You are here
Facebook gets France's maximum fine for privacy violations
[LUXEMBOURG] Facebook Inc was slapped with France's maximum privacy fine of 150,000 euros (S$230,081) and warned of further penalties from other European regulators over how it targets advertising and tracks users.
French and Dutch data protection authorities ruled that Facebook violated national laws on how they handle user data. France's CNIL said Facebook isn't allowed to combine user data to display targeted advertising and engages in "illegal tracking" by using cookies to watch what users do on and off the site.
The Netherlands' authority said Facebook has now agreed to stop using people's sexual preferences to show targeted ads - and that it may face further sanctions if it doesn't address other privacy issues. Spain, Belgium and the German city of Hamburg are also scrutinising the company which now faces two Spanish probes and lawsuits in Germany and Belgium.
Facebook's troubles in Europe are building as it faces both EU and German antitrust investigations, adding to privacy probes across the 28-nation bloc. Facebook's move to merge data from the WhatsApp messaging service with its own alarmed regulators last year, triggering probes and a pledge from Facebook to stop processing UK data during an investigation there.
"While we respectfully disagree with the CNIL's findings, we value the opportunities we've had to engage with the CNIL and reinforce how seriously we take the privacy of people who use Facebook," the company said in an emailed statement. "We are pleased the CNIL has narrowed the scope of their inquiry based on information we've provided throughout the process."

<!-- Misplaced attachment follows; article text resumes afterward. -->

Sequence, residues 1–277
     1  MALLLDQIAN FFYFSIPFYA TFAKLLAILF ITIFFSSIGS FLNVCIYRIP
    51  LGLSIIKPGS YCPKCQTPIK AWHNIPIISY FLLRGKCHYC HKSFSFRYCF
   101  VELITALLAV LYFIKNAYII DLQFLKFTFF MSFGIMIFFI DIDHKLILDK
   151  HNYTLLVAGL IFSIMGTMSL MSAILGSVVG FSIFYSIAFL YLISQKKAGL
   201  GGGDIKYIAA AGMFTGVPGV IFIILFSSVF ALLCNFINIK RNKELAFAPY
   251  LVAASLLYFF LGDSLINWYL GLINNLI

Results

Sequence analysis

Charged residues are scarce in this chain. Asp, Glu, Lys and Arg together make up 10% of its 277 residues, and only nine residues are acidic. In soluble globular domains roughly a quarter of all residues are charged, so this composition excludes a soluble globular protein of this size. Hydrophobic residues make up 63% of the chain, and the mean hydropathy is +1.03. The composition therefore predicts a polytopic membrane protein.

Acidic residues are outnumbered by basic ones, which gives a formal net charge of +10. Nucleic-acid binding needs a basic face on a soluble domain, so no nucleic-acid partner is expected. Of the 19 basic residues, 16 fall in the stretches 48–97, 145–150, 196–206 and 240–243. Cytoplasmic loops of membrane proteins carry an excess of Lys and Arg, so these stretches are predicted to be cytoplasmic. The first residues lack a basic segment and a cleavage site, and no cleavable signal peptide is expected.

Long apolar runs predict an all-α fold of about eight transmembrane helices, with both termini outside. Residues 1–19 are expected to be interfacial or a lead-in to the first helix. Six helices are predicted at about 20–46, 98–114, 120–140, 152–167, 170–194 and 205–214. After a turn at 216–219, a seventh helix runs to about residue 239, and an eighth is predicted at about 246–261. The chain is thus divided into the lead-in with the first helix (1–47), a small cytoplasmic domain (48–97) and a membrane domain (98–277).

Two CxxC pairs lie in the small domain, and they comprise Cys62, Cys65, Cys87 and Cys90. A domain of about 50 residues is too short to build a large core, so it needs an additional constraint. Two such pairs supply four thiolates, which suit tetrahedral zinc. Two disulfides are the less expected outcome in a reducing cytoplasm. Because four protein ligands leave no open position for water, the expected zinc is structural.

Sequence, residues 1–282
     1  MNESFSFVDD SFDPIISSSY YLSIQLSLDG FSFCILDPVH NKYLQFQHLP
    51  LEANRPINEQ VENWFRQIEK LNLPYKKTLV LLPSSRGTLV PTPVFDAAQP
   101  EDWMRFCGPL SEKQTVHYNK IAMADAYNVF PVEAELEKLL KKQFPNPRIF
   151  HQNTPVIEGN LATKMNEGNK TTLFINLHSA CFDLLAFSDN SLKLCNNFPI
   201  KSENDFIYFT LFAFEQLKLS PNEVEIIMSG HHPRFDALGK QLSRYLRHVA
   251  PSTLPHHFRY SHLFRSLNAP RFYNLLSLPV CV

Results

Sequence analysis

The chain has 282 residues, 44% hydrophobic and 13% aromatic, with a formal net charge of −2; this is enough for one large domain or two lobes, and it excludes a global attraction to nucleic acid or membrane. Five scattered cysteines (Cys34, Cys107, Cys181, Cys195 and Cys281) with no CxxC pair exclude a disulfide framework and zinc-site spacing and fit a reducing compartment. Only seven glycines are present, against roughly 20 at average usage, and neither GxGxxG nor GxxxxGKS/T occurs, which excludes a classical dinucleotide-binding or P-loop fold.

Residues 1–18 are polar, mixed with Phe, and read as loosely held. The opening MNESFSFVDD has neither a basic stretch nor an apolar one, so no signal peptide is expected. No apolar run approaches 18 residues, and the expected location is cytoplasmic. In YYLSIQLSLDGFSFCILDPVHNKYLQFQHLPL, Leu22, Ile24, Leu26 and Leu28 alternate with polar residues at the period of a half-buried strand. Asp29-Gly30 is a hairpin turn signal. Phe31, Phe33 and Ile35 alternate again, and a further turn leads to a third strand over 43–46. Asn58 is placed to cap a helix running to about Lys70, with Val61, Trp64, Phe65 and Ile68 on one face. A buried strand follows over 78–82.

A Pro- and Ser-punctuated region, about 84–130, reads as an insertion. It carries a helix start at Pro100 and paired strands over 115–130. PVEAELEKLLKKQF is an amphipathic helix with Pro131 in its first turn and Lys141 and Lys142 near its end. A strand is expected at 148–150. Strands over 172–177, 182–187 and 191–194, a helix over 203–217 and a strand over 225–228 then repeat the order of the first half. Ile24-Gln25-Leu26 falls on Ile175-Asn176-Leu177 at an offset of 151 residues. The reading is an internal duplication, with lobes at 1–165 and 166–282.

On the Dutch probe, the company said it is also at odds with the regulator's findings.
"While we have long been compliant with European data protection law and we disagree with the AP's findings, we are pleased we have been able to resolve some of their concerns," Facebook said. "We will review the report and remain open to discussing these issues" with the Dutch authority.
The European privacy watchdogs said Facebook argued that only Irish data-protection law applies because it is based there and only the Irish data protection authority could supervise how it handles data. The other European agencies rejected that, ruling that their national law applies since Facebook has offices across the bloc.
While European watchdogs' fining powers remain minimal - in some cases even nonexistent - new EU-wide rules will take effect in May 2018 that could boost sanctions by any of the bloc's national regulators to as much as 4 per cent of a company's annual sales.